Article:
Ivo van der Graaff

Assistant Professor of Art & Art History, COLA - Italy

 

Jenny Muslin and Lillie Leone working to catalog amphorae in the garden of Oplontis A
Jenny Muslin and Lillie Leone working to catalog amphorae
in the garden of Oplontis villa  A

In late May and early June, I travelled to Italy to participate in the Oplontis Project in my role as the director of excavations. The project investigates two structures known as Villa A and B buried by the eruption of Vesuvius in 79 CE. Villa A is a UNESCO world heritage site open to visits by the public located in the modern town of Torre Annunziata. In antiquity, it was a luxury villa dedicated to the leisure of the Roman elite. Villa B, located just nearby, was a wine distribution center and a small settlement that remains closed to the public. The two sites were excavated over the course of several decades between the 1960s and early 1990s but they remain virtually unpublished.  Our mission is to record and publish the excavated sites. 

I have been part of this project since 2006, but it began in 2005 under the direction of John Clarke and Michael Thomas at the University of Texas at Austin. It first focused on the full publication of Villa A that is now nearing completion. The publication has already involved the efforts of 46 scholars who represent disciplines as diverse as chemistry and art history from universities worldwide. As part of this effort, the publications are ‘born digital’, which means that the project uses digital tools in order to maximize the amount of information we can publish on the structures. This is a three-pronged approach: open access e-books, an online database, and a fully navigable 3D model of the villas; each of these individual elements will interconnect as a single publication on the web.

(l. to r.) Michael Thomas, Ivo van der Graaff, and Paul Wilkinson stand next to an open trench in the courtyard of Oplontis B
(l. to r.) Michael Thomas, Ivo van der Graaff, and Paul Wilkinson
stand next to an open trench in the courtyard of Oplontis B

Since 2012, we have turned our attention to Villa B.  So far, the complex has yielded an exceptional amount of information, including organic finds and about 1400 amphorae used in the transport of wine. Their ongoing study sheds light on ancient trade routes and the economy of Pompeii. The project is also recording a series of small houses in the complex: ordinary living quarters as opposed to the extravagant luxury of the neighboring Villa A.

I direct the excavations component of the project together with Dr. Paul Wilkinson who founded the Kent Archaeological Field School (UK). Through this program, we teach archaeological field techniques to volunteers and university students under the direction of trained professionals. This experience has taught me how to explain the materials to students at UNH. Our goal is to understand the history of the two structures, which we now know spanned roughly 200 years before the eruption of 79 CE. Since modern excavations have tended to focus on uncovering the remains left behind by the eruption of Vesuvius, we still know relatively little of how the area developed in the previous centuries. This past season we recovered clear evidence that the complex at Oplontis B experienced at least five phases of development prior to the eruption. Our work offers an unprecedented window in the development of the Roman Bay of Naples outside of the better-known sites of Pompeii and Herculaneum. This was a particularly critical period of expansion, development, and social turmoil as Rome transitioned from Republic to Empire in the Mediterranean.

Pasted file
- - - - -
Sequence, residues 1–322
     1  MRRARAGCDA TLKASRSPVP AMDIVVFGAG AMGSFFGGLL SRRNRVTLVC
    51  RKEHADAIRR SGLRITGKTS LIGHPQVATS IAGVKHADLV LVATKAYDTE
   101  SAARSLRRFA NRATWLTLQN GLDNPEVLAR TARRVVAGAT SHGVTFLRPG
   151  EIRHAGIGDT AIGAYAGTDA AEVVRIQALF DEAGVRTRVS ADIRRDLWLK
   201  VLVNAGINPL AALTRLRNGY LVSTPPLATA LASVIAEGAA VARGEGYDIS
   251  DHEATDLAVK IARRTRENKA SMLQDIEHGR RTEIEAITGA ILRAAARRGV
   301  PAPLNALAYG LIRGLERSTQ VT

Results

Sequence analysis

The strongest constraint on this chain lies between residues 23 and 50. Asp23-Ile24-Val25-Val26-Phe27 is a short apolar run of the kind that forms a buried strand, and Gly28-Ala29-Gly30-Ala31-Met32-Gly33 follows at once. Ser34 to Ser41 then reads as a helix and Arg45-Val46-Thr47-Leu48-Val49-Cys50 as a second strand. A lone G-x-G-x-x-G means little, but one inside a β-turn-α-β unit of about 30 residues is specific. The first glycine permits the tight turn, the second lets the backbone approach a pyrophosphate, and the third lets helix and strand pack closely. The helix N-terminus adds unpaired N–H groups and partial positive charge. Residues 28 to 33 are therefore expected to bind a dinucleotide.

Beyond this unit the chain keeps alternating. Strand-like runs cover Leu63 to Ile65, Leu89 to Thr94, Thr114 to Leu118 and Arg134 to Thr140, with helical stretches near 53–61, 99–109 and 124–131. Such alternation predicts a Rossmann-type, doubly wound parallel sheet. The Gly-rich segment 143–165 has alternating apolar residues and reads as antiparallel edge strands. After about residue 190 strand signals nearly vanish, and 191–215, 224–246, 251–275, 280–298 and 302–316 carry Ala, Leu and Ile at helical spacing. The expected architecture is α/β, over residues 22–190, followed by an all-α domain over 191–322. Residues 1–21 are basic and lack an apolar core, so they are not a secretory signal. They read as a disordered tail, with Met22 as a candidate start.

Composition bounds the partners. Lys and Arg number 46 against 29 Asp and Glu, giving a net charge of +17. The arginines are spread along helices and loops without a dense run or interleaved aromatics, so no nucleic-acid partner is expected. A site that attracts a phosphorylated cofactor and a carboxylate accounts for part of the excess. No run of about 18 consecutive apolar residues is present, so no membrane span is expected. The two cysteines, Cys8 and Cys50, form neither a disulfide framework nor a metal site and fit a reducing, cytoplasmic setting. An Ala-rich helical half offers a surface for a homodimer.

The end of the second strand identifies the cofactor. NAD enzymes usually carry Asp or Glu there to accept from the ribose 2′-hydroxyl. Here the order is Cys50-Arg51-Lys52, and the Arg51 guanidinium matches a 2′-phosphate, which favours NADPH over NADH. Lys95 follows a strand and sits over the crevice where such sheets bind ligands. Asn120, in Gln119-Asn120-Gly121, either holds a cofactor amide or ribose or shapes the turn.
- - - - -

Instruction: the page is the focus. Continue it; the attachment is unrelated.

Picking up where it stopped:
A surviving Tumulus Tomb in the Ancient Burial Grounds of Cerveteri
A surviving Tumulus Tomb in the Ancient Burial Grounds of Cerveteri

In addition to my work at Oplontis, I used my time in Italy to do photography and finalize some research for my forthcoming book on the city walls of Pompeii. My work focuses on how the fortifications shaped the image of Pompeii during the 500 years of their existence. In addition to visiting the sites of Pompeii and Herculaneum I also travelled to the burial grounds of the ancient Etruscan town of Cerveteri near Rome. My primary aim was to study the construction techniques used in the famous “tumuli,” Etruscan burial mounds used between the 8th and the 6th centuries BCE. The development of these structures in antiquity sheds new light on the genesis of construction techniques in ancient Italy.

Boxes of finds recovered from the trenches await cataloging and storage for further study in the next few seasons
Boxes of finds recovered from the trenches await cataloging and
storage for further study in the next few seasons

Both the continuing work of the project and the ongoing excavations help to develop my teaching and research goals. In the field, I acquire the invaluable skills to understand the development of Roman architecture through first hand exposure to different construction techniques. The same applies to understanding Roman painting, mosaics and other artifacts. It is only by seeing such examples that one can effectively describe and teach them. Through my visits to neighboring sites such as Pompeii and Herculaneum, I have gained a better understanding of these two towns and the Bay of Naples in antiquity. These aspects are an integral part of my book project that looks at the long-term social and urban development of Pompeii throughout its 700-year history. At Oplontis we are scheduled to publish these structures over the next few years. The final volumes will enrich the field of ancient art and architecture by tracing the development of Roman luxury and commercial structures on the ancient Bay of Naples. All told, this trip has allowed me to strengthen my teaching and research goals for the next few years at UNH.

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